One of the first acts performed by Prime Minister Mia Amor Mottley upon Barbados attaining republic status was to name pop mega-superstar Robin “Rihanna” Fenty national hero. Along with former cricketing great Sir Garfield Sobers, she became the second living national hero of that country.
The question on the minds of many Jamaicans is whether the likes of our own Robert “Bob” Nesta Marley and Usain St Leo Bolt should not be added to the current list of national heroes: Alexander Bustamante, Norman Manley, Marcus Garvey, George William Gordon, Sam Sharpe, Nanny of the Maroons, and Paul Bogle.
Several notable personalities, some on the pages of this newspaper, have also added their voices to the call for others to be named national heroes.
Editor-at-Large H G Helps, on his Jamaica Observer opinion page Sunday Brew, July 12, 2021 edition, made a plea for former prime ministers to be added to the current list of national heroes. St Ann South Eastern Member of Parliament Lisa Hanna, in another of her useful contributions to this newspaper, April 3, 2022 edition, and in keeping with a motion she tabled in Parliament, made the case for Bob Marley to be named national hero in the “republic” of Jamaica.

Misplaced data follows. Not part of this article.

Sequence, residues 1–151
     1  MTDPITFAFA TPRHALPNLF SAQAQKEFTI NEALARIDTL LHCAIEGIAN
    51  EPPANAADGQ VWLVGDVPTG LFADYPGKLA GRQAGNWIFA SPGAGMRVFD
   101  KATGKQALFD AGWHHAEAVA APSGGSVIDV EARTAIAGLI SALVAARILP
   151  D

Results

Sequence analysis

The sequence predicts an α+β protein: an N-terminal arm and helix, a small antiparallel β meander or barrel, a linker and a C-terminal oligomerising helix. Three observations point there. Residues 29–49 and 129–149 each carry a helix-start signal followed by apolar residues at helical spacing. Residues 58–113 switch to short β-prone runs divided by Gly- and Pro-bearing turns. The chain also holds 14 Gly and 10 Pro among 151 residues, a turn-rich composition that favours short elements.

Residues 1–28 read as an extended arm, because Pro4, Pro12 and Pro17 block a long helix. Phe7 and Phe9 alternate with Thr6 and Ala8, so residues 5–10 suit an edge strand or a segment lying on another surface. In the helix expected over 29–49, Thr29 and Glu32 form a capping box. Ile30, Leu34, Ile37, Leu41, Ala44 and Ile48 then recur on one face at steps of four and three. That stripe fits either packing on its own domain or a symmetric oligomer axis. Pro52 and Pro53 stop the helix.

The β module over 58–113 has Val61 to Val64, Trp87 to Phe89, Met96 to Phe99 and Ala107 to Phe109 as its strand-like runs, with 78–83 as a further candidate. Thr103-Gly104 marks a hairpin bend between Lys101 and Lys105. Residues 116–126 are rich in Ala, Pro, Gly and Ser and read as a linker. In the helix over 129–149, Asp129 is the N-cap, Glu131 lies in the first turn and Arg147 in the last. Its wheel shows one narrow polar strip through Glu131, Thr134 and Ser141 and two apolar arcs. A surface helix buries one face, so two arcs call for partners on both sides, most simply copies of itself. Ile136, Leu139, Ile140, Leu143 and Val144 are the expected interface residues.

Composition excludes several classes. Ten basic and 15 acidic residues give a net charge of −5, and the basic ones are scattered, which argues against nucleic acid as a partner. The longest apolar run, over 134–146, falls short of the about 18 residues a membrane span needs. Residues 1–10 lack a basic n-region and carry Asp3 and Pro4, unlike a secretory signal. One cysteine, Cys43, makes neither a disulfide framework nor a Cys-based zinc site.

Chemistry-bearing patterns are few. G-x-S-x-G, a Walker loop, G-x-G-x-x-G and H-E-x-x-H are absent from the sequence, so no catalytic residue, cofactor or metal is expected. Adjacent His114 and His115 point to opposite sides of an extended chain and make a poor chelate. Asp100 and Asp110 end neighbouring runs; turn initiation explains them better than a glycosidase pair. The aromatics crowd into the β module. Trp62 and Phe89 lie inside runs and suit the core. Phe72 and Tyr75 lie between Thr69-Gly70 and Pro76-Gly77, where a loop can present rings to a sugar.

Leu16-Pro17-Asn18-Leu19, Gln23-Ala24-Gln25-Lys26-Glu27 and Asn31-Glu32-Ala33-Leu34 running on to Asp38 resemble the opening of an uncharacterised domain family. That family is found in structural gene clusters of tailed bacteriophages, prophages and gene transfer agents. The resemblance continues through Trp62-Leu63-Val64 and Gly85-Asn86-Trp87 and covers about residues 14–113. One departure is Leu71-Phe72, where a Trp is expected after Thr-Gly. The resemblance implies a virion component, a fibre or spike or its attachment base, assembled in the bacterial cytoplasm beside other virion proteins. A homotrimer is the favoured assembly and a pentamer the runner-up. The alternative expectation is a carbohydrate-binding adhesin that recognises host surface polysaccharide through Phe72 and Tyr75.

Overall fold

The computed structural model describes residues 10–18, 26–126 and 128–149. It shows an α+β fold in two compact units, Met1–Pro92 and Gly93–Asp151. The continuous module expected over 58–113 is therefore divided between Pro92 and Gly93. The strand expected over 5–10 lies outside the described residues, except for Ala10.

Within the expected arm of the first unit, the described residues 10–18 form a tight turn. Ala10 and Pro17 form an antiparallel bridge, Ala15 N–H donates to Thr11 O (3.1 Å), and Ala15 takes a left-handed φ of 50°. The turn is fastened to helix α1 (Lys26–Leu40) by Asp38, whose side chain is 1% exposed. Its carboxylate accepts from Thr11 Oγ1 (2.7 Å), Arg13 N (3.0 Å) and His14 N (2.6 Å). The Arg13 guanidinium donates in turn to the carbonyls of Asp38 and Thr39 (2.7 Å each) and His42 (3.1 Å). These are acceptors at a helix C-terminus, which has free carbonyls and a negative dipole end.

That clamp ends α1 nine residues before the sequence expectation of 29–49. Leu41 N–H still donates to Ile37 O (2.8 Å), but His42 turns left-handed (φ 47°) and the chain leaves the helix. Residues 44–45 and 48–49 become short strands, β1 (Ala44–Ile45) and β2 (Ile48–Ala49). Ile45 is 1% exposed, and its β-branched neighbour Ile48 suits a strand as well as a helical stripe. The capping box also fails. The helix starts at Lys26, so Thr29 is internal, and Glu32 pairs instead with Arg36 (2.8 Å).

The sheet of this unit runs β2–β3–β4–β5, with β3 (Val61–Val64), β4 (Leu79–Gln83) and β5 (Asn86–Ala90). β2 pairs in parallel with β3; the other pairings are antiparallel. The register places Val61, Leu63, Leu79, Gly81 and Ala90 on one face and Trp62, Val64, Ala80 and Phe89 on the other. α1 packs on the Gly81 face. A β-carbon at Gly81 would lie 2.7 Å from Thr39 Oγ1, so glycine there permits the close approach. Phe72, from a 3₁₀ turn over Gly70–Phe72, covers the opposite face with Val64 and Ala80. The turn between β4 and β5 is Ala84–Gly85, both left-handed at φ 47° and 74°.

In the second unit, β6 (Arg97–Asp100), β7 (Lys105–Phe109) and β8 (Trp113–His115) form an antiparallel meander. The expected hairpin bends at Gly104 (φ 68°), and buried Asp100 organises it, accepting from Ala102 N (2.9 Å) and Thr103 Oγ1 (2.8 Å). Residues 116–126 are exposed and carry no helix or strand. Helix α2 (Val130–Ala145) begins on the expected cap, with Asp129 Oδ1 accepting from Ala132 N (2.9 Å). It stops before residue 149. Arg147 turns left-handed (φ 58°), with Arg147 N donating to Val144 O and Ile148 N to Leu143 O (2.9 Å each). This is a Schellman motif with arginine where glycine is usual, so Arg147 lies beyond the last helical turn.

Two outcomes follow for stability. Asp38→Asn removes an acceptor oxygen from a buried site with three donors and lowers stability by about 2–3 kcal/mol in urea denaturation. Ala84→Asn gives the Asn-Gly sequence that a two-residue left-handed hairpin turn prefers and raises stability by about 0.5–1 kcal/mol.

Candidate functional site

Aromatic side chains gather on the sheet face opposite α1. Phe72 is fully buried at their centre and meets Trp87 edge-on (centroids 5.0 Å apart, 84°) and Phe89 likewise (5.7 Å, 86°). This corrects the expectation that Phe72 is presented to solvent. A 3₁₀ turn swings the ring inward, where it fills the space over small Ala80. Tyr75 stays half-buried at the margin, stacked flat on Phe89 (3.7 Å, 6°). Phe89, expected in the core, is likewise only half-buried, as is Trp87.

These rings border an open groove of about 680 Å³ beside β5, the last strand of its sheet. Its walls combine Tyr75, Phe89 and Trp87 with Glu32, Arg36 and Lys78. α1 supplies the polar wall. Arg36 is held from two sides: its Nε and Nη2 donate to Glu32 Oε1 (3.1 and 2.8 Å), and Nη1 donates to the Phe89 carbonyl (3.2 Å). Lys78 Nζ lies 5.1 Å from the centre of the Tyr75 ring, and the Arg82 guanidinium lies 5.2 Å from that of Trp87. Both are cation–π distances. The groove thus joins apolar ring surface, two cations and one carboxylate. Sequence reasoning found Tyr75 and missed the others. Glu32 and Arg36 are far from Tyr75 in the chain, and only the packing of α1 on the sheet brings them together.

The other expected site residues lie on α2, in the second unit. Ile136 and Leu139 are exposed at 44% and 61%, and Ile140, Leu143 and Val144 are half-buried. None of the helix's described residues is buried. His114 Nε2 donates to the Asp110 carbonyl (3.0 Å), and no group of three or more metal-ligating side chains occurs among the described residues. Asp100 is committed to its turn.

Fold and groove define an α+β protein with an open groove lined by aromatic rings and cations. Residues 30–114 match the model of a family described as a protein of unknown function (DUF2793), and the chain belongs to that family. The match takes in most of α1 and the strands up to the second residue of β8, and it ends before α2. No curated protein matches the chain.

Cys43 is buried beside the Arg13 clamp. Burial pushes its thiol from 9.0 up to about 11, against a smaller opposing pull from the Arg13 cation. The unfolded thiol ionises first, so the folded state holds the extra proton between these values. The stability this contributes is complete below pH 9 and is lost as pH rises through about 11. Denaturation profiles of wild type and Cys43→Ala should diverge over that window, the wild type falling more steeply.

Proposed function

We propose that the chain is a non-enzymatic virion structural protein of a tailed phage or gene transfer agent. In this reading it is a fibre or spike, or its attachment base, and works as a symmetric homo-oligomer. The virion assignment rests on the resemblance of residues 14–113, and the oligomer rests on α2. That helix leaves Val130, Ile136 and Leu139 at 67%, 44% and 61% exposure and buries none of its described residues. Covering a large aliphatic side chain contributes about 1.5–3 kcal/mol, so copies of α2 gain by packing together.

Who else is deserving of the nation’s highest honour?
An August 2017 Bill Johnson poll sought to determine this by asking the following question: “As you know, Jamaica has seven national heroes. Is there anyone else that you think should be named a national hero of Jamaica?” Of those responding, 55 per cent said no; no one else that should be named a national hero of Jamaica.
The pollster followed up with another question to the 45 per cent who answered yes. “Who would you recommend for the award of national hero?” The answer: 17 per cent said Bob Marley; 16 per cent said Usain Bolt; two per cent said Michael Manley; and one per cent for each of the following individuals: Portia Simpson Miller, Vybz Kartel, Edward Seaga, Louise Bennett-Coverley, and Andrew Holness.
What does it mean to be a national hero anyway? Could Barbados be confusing national hero with national icon? I am personally not in favour of giving this award to people who are still alive or who made it big in a narrow field of endeavour as seemed to have been done in the case of Barbados. I rather like the example of India in honouring such people.
In 2013, under the late President Pranab Mukherjee, 25 people were honoured with the Greatest Living Legend Award for rendering distinguished service in their respective fields.
According to information on the National Honours and Awards Act, found on the Jamaica Information Service (JIS) website, the Order of National Hero is conferred upon any person born in Jamaica or who, at the time of death, was a citizen of Jamaica and rendered to the country service of a “most distinguished nature”. The order’s motto is, “He built a city which hath foundation.”